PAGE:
Tue, Sep 13, 2016 - Page 4 News List

Advocates urge controls on displaying animals

NARROWED DOWN:Legal provisions define show animals as those that can be displayed and ridden, effectively restricting the coverage to only horses

By Abraham Gerber  /  Staff reporter

Animal rights campaigners yesterday called for amendments to the Animal Protection Act (動物保護法) to require licensing for displaying animals.

The difficulty of proving “maltreatment” and a lack of automatic penalties have hampered the law’s enforcement, Environment and Animal Society of Taiwan President Wu Hung (朱增宏) said at a news conference co-hosted by Democratic Progressive Party (DPP) Legislator Tsai Pei-hui (蔡培慧).

“Regardless of whether there is maltreatment, animal owners are always given time to make improvements before fines are levied. At the same time, it can be difficult to prove that cases of death resulted from maltreatment,” he said, citing the need for experts to determine if a “skinny” animal had been malnourished.

“You have to make a judgement and unless there is footage showing an animal being beaten or the circumstances under which it died, there are numerous possible causes,” he said.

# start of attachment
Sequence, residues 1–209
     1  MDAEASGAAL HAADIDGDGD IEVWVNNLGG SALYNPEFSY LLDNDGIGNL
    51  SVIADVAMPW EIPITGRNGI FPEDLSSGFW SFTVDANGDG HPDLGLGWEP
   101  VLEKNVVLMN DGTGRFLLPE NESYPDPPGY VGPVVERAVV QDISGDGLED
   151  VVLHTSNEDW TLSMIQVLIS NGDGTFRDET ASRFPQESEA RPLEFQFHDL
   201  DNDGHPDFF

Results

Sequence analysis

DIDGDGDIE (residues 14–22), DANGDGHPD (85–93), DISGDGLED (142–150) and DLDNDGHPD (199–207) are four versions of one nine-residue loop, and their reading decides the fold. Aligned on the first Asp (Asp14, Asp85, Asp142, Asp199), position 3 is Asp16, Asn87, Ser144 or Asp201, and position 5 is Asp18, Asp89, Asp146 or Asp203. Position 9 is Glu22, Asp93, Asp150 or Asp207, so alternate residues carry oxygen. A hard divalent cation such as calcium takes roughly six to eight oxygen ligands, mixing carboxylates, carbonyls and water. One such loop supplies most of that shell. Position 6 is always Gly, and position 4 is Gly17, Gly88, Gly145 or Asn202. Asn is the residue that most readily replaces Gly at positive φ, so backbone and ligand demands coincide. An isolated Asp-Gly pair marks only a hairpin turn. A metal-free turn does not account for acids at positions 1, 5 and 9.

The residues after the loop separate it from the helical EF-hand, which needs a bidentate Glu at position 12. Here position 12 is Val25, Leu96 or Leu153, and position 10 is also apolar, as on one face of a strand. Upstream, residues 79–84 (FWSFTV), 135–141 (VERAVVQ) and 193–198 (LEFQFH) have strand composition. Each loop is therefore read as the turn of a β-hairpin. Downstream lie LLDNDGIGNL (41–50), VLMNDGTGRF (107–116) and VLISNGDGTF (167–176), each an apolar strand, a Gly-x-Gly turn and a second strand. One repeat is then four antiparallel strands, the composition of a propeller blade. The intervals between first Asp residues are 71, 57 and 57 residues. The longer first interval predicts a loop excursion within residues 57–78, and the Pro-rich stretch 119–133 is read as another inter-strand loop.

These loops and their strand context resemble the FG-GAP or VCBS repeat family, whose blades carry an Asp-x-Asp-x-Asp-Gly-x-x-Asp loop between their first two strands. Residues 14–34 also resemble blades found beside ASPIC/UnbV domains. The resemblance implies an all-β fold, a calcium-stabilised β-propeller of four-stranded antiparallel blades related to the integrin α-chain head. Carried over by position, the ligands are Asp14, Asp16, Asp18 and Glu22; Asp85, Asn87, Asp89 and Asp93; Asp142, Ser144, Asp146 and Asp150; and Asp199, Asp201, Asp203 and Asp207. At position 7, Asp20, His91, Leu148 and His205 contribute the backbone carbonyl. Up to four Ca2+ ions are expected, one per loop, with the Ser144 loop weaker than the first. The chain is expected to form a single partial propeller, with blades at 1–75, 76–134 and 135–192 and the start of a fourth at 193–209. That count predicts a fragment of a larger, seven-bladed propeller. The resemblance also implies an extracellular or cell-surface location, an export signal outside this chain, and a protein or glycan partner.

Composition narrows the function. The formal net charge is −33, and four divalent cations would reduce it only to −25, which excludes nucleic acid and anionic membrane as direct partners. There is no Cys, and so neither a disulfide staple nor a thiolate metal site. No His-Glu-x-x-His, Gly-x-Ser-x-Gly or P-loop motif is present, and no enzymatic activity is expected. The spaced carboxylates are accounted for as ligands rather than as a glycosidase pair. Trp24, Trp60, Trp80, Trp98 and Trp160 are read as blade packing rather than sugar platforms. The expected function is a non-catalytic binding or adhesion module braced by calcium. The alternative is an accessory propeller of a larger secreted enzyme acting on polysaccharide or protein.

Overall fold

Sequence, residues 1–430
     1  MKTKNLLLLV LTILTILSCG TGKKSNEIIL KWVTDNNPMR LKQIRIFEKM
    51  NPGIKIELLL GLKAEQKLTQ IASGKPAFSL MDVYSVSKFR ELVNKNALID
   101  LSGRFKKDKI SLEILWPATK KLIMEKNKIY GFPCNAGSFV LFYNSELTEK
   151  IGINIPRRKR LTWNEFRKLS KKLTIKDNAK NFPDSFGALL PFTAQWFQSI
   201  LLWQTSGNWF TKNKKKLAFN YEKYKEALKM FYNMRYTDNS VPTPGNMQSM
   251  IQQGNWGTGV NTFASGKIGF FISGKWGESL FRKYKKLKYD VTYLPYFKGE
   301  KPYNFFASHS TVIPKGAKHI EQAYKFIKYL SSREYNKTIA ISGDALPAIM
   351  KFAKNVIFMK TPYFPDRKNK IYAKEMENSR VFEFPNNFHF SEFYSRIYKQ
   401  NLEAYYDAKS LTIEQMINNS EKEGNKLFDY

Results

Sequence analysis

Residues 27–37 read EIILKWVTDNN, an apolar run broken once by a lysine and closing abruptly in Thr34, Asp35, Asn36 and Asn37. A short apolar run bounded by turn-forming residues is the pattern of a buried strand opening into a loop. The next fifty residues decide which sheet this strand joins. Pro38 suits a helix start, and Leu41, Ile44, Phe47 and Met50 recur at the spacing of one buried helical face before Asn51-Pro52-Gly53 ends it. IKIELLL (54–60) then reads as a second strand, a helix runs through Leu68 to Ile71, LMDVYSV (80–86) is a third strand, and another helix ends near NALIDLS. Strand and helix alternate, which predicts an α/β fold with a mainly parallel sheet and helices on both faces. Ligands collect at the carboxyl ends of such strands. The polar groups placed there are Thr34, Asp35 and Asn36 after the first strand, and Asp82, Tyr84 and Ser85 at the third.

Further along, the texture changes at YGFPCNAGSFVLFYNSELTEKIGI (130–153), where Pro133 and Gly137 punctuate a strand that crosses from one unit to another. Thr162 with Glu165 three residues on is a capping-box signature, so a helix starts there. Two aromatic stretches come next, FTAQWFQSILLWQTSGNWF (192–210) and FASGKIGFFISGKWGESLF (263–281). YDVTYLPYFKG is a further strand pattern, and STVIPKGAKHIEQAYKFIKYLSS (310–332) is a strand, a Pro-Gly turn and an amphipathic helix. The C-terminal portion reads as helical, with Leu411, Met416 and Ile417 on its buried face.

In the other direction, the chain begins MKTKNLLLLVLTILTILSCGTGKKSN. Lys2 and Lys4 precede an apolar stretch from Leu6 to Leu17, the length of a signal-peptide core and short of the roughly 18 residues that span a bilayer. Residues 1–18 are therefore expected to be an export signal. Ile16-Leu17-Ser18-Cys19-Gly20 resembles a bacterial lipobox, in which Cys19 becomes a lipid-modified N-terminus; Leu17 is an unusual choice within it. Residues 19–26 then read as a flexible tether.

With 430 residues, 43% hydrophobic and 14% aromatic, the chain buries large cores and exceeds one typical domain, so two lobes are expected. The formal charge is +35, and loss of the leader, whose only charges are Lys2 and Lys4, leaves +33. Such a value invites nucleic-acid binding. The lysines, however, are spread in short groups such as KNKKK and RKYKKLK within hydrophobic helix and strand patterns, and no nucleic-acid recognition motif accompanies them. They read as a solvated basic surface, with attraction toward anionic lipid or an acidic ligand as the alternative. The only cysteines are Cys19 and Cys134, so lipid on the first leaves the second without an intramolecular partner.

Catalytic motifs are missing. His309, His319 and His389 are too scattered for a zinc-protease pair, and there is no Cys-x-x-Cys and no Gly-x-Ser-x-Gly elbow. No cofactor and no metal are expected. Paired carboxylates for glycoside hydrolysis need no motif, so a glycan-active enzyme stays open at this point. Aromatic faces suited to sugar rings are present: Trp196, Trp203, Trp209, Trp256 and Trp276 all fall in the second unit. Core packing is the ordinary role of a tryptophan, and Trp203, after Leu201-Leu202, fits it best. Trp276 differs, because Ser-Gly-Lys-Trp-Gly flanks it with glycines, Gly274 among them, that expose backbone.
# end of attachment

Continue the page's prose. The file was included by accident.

Because of enforcement difficulties, show animals should receive extra protection, such as requiring owners to be licensed and to submit care plans, including safety deposits, he said, adding that legal provisions limit the definition of show animals — which are entitled to additional protections — to animals that are displayed and ridden, effectively restricting the definition to horses.

“Even dolphins are not included, because they are not ridden,” he said, adding that licensing requirements administered by the central government would add another layer of protection to a law whose enforcement relies mainly on local government inspectors.

The news conference was held after campaigners said they found evidence of maltreatment of show animals at the Shin Kong Chao Feng Harvest Ranch Resort (新光兆豐休閒農場) and released video footage showing numerous animals lacking fur or feathers, unattended bird carcasses and boils and sarcomas on a camel and a mule, among other alleged signs of maltreatment.

Wu demanded that the Council of Agriculture intervene and direct the Hualien County Government to take action, adding that while campaigners visited the site twice within a two-month interval and repeatedly reported their findings to the county government, no improvements had been made.

Chiang Wen-chuan (江文全), head of the council’s animal protection division, said that the city government failed to open an investigation, adding that his division yesterday morning directed local authorities to look into the allegations.

“There might have been some negligence, but it is impossible to make a judgement without looking at the photographs,” ranch manager Chen Tai-ming (陳泰明) said in a telephone interview. “However, it would not be appropriate to label the whole ranch just because of the situation of a few animals.”

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